Materials and Methods▴Top 

Design

To assess efficacy and safety of fellow’s stitch using “fisherman’s knot” technique to achieve large caliber (> 10 Fr) venous hemostasis. This was a prospective, randomized, single-center study conducted in the Department of Cardiology, LPS Institute of Cardiology, G.S.V.M. Medical College, Kanpur, UP, India from January 2013 to March 2019. A total of 949 consecutive patients were enrolled who underwent ASD device closure, PDA device closure, RSOV device closure, BPV and PTMC. The study protocol was approved by the local ethics committee and followed the Declaration of Helsinki after obtaining informed consent from each patient.

Procedure

Enrolled patients underwent comprehensive evaluation including detailed clinical examination and investigations including electrocardiogram, cardiac catheterization and 2D echocardiogram (VIVID7; GE Healthcare, Germany). After completion of the procedure, venous sheath was removed and hemostasis was achieved using either fellow’s stitch or manual compression. All patients were anticoagulated with unfractionated heparin at dosage of 80 - 100 U/kg during the procedure.

Post-procedural sheath removal

In fellow’s stitch group, venous sheath (right or left) was removed just after the procedure while patient was still on operation table. On the contrary, in manual compression group, venous sheath was removed after patient was shifted out of catheterization lab in the recovery area. Both were performed without activated clotting time (ACT) measurement. Arterial hemostasis (in cases of PTMC and RSOVA closure) was achieved by manual compression after completion of the procedure.

The fellow’s stitch (fisherman’s knot)

A 0-Vicryl suture on a large-curved cutting needle was passed little distal (5 - 10 mm) to entry point of sheath into skin below the sheath and advanced through the subcutaneous tissue holding its generous amount but without going too deep to ligate the femoral vein (Figs. 1, 2a). The needle and suture were crossed over the sheath (Fig. 2b). Similarly, a second pass of the needle was obtained little proximal (5 - 10 mm) to entry point of sheath into skin but advancing above the sheath through the subcutaneous tissue (Fig. 3a). Therefore, the entry, exit and course of suture imparted an FoZ (Fig. 3a). As sheath was pulled out, suture was tightened so that subcutaneous tissue was bunched up for hemostasis (Fig. 3b). Both the free ends were then tied using fisherman’s knot over the entry point of sheath giving it appearance of figure-of-eight (FoE). After first knot, sheath was pulled out gently and removed (Fig. 4a). Following removal of sheath, few more (3 - 4) reinforcement knots were tied, thus tightening the suture so that subcutaneous tissue was folded up to achieve immediate hemostasis (Fig. 4b). The detail method has been illustrated in Figure 5. In cases where immediate hemostasis was not achieved because of slight bleeding (oozing), gentle pressure was applied for 2 min over the knot. Once the bleeding stopped, it was covered by sterile gauze. The patient was shifted and closely monitored in the intensive care unit. Compression bandages were not used in the suture group. The sutures were removed after 4 - 6 h.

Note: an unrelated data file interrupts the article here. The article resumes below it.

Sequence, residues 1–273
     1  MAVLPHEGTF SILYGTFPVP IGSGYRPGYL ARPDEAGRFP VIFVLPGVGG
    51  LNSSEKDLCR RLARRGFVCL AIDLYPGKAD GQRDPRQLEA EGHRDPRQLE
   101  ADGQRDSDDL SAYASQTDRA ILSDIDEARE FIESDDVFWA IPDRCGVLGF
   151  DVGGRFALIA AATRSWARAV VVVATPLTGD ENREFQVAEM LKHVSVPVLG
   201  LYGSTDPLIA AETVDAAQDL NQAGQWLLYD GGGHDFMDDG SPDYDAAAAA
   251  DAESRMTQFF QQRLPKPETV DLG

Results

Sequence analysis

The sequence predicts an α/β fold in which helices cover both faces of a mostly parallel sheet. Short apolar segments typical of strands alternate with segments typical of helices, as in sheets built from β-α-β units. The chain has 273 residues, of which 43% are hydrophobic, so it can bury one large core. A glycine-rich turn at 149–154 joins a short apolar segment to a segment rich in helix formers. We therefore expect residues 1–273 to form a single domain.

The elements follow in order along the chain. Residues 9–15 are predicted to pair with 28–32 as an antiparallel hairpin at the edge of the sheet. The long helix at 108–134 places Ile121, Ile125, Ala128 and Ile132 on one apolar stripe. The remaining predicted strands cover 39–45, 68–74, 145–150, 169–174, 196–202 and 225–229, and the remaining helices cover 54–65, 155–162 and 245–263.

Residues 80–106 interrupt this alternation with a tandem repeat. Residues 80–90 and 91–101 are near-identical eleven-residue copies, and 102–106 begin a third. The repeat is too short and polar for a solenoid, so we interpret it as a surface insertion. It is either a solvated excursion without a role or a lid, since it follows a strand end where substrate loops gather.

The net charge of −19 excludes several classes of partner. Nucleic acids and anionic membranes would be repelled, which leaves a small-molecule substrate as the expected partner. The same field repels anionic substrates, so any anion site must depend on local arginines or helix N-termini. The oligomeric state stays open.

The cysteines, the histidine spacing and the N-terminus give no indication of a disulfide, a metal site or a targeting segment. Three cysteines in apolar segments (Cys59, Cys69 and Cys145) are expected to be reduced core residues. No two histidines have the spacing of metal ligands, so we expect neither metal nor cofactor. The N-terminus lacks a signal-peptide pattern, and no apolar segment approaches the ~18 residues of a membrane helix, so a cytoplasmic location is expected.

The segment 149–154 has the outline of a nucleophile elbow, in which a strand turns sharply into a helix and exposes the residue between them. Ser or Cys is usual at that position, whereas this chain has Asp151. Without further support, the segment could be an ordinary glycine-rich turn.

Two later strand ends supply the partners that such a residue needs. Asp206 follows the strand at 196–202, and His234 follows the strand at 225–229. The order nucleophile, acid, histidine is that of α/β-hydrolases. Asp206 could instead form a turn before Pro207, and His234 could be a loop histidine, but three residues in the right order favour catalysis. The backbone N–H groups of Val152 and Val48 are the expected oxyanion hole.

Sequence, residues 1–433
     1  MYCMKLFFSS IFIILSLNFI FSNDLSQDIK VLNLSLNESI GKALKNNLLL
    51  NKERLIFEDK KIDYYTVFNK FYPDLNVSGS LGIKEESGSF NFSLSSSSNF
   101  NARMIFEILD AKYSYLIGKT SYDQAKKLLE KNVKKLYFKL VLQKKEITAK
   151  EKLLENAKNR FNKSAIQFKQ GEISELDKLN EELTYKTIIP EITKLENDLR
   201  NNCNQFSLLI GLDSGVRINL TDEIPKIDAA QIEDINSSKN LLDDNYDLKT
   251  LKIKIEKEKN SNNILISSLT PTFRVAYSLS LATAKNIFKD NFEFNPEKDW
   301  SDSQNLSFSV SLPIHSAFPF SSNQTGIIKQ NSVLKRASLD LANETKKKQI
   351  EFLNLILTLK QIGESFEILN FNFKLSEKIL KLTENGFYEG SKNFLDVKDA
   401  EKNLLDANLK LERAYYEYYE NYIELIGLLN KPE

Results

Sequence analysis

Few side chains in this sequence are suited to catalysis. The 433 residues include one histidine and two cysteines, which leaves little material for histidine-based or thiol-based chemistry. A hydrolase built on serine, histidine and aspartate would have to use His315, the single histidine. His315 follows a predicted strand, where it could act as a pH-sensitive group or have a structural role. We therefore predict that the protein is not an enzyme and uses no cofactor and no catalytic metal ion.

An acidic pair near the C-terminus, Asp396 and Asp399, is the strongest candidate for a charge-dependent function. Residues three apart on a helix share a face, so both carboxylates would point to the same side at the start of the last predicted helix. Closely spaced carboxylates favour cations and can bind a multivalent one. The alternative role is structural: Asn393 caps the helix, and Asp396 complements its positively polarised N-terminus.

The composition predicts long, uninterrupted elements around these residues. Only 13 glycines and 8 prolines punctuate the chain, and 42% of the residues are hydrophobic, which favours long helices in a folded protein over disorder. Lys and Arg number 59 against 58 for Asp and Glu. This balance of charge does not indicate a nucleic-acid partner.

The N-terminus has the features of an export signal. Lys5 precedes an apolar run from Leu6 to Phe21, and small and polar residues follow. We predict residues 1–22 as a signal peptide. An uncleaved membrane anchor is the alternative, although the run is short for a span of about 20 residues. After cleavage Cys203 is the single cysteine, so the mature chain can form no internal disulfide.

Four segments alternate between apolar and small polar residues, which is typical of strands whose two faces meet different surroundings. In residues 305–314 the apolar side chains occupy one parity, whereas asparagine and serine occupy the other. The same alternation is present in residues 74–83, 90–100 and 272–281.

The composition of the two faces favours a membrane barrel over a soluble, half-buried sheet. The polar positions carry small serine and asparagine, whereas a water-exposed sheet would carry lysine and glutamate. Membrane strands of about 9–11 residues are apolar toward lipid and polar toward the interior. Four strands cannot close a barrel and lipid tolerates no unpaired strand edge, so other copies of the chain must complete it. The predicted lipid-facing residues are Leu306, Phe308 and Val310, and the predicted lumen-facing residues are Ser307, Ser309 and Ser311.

Figure 1.
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Figure 1. Point of entry of sheath into skin.

Figure 2.
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Figure 2. First pass of suture by crossing below the sheath and skin caudal to entry point (a). The needle and suture were crossed over the sheath and making second pass (b).

Figure 3.
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Figure 3. The entry, exit and course of suture imparted a figure of Z (a). Both the free ends were then tied using fisherman’s knot over the entry point of sheath giving it appearance of figure-of-eight (FoE; b).

Figure 4.
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Figure 4. After first knot, sheath was pulled out gently and removed (a). Following removal of sheath, few more (3 - 4) reinforcement knots were tied, thus tightening the suture so that subcutaneous tissue was folded up achieving immediate hemostasis (b).

Figure 5.
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Figure 5. The basic steps of the fellow’s stitch using fisherman’s knot.